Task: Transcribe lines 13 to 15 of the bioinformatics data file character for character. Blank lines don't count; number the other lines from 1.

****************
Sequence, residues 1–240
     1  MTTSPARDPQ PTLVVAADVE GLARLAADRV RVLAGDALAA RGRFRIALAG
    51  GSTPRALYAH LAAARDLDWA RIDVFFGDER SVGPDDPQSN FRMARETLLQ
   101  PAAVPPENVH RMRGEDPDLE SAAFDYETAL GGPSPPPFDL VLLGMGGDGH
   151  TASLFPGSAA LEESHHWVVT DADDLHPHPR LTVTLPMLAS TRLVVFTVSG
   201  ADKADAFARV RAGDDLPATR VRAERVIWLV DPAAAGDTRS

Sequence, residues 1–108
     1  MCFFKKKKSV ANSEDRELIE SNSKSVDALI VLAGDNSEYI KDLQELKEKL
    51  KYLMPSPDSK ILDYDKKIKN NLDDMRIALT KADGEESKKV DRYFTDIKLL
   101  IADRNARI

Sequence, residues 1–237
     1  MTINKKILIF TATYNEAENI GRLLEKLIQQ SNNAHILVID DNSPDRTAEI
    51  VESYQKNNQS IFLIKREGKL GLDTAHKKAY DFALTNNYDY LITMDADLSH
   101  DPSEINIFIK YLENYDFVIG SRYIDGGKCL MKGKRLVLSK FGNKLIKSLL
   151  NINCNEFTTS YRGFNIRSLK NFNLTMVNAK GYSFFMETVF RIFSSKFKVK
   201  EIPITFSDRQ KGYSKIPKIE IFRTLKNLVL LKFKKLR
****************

    51  VESYQKNNQS IFLIKREGKL GLDTAHKKAY DFALTNNYDY LITMDADLSH
   101  DPSEINIFIK YLENYDFVIG SRYIDGGKCL MKGKRLVLSK FGNKLIKSLL
   151  NINCNEFTTS YRGFNIRSLK NFNLTMVNAK GYSFFMETVF RIFSSKFKVK